the message that humanity must change to allow for the return of Jesus Christ."
But why does it happen most notably in Jerusalem and not elsewhere in the
"You must take into consideration that for years Jerusalem has been a
magnet," Dr Barel said. "Jerusalem is a theatre, a place where every extremist
in the world, political and religious, feels that here they can make things or
feel things. Jerusalem is the direct contact with God."
And that can also sometimes make Jerusalem a very dangerous city. While many
of the patients at the hospital are harmless, one of them, an Australian
tourist, Denis Michael Rohan, who did have a history of mental illness, almost
caused another war in the Middle East.
In August 1969, Rohan, then aged 29, found his way into the locked El Asque
Mosque in Jerusalem, which, along with the neighbouring Dome of the Rock,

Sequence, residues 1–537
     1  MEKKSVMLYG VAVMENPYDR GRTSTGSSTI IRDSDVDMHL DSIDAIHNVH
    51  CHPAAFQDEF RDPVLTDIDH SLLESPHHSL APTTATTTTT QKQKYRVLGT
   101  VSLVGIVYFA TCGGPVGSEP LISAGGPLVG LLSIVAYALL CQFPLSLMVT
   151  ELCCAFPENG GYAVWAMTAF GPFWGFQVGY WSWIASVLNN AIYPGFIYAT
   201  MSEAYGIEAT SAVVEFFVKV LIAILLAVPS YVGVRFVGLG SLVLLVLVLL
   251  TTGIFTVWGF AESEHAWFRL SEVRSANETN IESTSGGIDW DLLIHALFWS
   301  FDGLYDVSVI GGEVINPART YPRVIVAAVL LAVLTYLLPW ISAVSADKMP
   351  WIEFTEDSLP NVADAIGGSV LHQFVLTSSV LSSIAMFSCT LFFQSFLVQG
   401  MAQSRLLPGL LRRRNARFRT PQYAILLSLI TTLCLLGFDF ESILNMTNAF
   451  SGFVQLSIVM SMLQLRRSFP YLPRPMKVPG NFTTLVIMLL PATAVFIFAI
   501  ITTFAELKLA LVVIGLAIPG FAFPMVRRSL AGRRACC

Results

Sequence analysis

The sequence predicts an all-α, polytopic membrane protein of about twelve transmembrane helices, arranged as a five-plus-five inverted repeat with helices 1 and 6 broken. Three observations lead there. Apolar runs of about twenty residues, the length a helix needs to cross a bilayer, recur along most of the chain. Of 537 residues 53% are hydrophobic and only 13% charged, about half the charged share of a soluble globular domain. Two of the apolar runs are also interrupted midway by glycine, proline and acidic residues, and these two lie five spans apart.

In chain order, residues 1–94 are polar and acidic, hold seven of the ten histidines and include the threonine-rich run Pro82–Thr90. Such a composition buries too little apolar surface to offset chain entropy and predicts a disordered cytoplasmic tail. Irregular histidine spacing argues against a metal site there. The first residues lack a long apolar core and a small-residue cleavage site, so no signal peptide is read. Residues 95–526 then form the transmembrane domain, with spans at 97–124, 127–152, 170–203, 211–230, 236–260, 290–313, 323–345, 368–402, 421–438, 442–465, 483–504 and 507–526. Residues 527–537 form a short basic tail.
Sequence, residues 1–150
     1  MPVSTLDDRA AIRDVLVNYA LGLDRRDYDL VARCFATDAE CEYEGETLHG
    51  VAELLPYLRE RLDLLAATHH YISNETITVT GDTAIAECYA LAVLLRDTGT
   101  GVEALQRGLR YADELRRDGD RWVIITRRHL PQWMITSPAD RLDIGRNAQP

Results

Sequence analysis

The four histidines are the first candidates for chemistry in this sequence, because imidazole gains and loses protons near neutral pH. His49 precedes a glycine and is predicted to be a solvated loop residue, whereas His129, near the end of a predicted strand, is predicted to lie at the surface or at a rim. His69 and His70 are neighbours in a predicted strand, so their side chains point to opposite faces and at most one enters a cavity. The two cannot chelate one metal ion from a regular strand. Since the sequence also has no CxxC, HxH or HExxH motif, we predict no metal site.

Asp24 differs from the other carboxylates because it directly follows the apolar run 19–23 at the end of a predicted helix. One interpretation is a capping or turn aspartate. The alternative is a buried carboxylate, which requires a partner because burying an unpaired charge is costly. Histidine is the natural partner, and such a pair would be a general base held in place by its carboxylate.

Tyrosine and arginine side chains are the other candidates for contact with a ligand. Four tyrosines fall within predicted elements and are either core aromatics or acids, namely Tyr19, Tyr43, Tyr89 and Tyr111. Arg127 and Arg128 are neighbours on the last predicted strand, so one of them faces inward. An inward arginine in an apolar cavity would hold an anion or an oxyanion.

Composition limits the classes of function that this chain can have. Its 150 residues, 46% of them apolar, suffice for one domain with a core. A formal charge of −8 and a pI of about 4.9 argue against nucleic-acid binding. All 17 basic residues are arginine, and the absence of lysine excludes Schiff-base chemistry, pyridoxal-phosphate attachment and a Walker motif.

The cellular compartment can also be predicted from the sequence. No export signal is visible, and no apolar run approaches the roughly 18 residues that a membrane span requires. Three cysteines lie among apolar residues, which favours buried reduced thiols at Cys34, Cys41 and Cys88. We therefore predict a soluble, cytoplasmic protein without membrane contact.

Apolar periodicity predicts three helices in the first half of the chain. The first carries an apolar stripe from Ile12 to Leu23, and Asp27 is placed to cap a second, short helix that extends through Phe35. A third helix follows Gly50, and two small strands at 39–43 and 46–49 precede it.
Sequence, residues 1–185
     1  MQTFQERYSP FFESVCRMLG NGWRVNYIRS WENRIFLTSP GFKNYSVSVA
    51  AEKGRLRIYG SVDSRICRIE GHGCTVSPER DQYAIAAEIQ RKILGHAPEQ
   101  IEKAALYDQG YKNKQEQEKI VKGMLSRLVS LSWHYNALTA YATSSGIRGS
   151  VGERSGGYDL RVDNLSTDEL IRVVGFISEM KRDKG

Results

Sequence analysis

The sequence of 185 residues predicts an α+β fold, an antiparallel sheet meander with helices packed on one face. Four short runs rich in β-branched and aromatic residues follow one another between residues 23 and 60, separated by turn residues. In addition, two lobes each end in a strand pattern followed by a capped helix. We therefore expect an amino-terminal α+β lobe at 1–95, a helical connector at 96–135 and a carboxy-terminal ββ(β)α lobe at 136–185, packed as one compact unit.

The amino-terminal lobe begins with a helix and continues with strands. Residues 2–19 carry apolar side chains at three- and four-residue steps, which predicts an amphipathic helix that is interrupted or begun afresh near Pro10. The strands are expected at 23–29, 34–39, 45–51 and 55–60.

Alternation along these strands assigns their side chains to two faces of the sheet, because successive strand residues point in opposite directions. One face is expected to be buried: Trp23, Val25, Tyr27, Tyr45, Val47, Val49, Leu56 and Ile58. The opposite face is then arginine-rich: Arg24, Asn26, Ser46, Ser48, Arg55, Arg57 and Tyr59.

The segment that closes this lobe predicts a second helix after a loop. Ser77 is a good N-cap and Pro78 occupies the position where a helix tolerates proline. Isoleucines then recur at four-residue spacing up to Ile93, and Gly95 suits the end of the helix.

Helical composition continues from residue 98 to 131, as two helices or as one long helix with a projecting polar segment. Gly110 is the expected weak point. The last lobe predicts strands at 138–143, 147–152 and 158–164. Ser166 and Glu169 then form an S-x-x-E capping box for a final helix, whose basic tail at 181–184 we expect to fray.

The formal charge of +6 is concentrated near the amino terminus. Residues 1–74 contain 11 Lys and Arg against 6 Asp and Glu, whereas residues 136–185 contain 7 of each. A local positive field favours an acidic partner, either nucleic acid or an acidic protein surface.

represents the third most holy site in the Muslim world. Once inside, he filled
a wooden pulpit with kerosene-soaked cotton, lit the rags with a match and
calmly walked out. Rohan, a member of a Protestant sect, then watched from a
distance, laughing as the mosque went up in flames.
In a confession to police later, he said he wanted to clear the Temple Mount,
the site of the First and Second Jewish Temples, of "abominations" to provoke
the Armageddon war, and to prepare the way for the second coming of Christ or a
In the aftermath, the Israeli Government had to use incredibly skilful
diplomacy to convince the Arab world that Jews had not been behind the arson,
amid calls by Islamic militants for a Holy War.
Rohan was eventually sent back to Australia where he spent the rest of his
life in a mental hospital and died under psychiatric care.
But the legacy of his flaming folly lives on. The Muslim extremists behind
the suicide bombing in Jerusalem in August, which killed five, and injured 100,
said the blast had been engineered to mark the anniversary of Rohan's torching
of one of the most sacred shrines in the Islamic world.
The nightmare for the Israeli authorities is an awareness that there are more
people like Rohan who will be drawn by the magnet of the Holy City, and
prepared to emulate his example, acting under the influence of what
psychiatrists regard as a unique, and almost incomprehensible, phenomenon: the